“I have never been more hopeful about America’s future than I am tonight”, the President said. “Despite our hardships, our union is strong. We do not give up. We do not quit. We don’t allow fear or division to break our spirit,” Obama said.

There was rapturous applause.

It’s the economy

Obama quickly focused on unemployment benefits and the passing of 25 tax cuts.

In a broadside to conservative critics, Obama listed groups his government had assisted. “Let me repeat”, he said. “We cut taxes.”

“I thought I’d get some applause on that one”, he joked.

Moving on to the stimulus bill, he said it was a success which received support from the left and right.

“After two years of recession, the economy is growing again.”

“But I realise for every success story, there are other stories” he said, ensuring the ears of everyday Americans.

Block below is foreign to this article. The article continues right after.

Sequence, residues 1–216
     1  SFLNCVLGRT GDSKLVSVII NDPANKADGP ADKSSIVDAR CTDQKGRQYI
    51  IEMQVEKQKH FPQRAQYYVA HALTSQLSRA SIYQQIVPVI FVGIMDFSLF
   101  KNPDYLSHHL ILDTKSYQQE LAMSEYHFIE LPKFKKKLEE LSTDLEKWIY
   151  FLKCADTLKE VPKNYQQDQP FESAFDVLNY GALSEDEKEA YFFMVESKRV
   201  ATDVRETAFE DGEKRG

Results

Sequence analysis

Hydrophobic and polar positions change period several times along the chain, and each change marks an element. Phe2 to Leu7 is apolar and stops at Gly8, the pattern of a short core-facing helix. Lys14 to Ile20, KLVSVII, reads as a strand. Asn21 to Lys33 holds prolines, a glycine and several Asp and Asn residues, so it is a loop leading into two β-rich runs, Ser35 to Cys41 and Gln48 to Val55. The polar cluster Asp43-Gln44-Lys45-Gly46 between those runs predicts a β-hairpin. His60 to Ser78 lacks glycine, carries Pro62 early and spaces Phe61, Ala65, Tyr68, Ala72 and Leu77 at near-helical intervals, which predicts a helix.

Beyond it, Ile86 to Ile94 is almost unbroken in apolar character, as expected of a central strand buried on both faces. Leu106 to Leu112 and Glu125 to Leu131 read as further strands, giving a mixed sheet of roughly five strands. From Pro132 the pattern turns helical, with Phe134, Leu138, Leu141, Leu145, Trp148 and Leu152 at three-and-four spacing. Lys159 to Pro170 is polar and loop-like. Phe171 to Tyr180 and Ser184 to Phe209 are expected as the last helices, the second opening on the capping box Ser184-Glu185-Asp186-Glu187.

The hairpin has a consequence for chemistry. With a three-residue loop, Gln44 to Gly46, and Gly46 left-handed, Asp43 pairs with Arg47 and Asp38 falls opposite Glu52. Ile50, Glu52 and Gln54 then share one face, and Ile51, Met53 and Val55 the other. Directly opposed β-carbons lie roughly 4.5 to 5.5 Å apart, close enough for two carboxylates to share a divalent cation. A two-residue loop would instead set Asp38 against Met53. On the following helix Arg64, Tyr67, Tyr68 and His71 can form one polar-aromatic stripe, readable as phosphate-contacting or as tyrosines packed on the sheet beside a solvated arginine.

“That is why jobs must be our number one focus in 2010, and that is why I’m calling for a new jobs bill tonight.

There was again a standing ovation, before the President received further applause for stressing the importance of small business and entrepreneurship, and the need for lending.

Obama proposed US$30bn to help community banks fund small businesses, calling for small business tax credits to go to businesses hiring new workers or increasing wages, and announced a plan to eliminate capital gains tax on small businesses.

The deficit and planned spending freeze

Perhaps in a reference to calls to be tougher on critics, Obama wanted to ‘set the record straight’, emphasising that it was not his government’s policies that drove the US’s deficit so deep.

“If we had started in ordinary times I would have liked nothing more than to bring the deficit down, but we took office in a crisis”, he said.